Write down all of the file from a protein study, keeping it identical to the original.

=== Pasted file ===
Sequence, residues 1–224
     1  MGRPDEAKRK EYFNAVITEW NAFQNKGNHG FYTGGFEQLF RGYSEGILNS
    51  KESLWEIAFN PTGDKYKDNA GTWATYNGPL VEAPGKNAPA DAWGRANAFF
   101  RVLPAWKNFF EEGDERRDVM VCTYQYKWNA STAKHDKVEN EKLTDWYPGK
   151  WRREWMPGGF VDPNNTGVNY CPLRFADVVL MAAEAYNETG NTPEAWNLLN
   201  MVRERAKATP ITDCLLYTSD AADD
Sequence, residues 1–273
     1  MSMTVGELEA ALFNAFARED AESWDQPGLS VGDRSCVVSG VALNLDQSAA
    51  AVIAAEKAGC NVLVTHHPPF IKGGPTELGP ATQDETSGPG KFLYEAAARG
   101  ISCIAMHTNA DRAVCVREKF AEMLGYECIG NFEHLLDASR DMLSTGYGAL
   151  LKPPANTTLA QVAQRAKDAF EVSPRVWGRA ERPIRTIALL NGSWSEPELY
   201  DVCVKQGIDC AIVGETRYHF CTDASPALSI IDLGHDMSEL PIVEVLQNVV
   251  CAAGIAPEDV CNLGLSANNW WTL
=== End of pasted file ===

Sequence, residues 1–224
     1  MGRPDEAKRK EYFNAVITEW NAFQNKGNHG FYTGGFEQLF RGYSEGILNS
    51  KESLWEIAFN PTGDKYKDNA GTWATYNGPL VEAPGKNAPA DAWGRANAFF
   101  RVLPAWKNFF EEGDERRDVM VCTYQYKWNA STAKHDKVEN EKLTDWYPGK
   151  WRREWMPGGF VDPNNTGVNY CPLRFADVVL MAAEAYNETG NTPEAWNLLN
   201  MVRERAKATP ITDCLLYTSD AADD
Sequence, residues 1–273
     1  MSMTVGELEA ALFNAFARED AESWDQPGLS VGDRSCVVSG VALNLDQSAA
    51  AVIAAEKAGC NVLVTHHPPF IKGGPTELGP ATQDETSGPG KFLYEAAARG
   101  ISCIAMHTNA DRAVCVREKF AEMLGYECIG NFEHLLDASR DMLSTGYGAL
   151  LKPPANTTLA QVAQRAKDAF EVSPRVWGRA ERPIRTIALL NGSWSEPELY
   201  DVCVKQGIDC AIVGETRYHF CTDASPALSI IDLGHDMSEL PIVEVLQNVV
   251  CAAGIAPEDV CNLGLSANNW WTL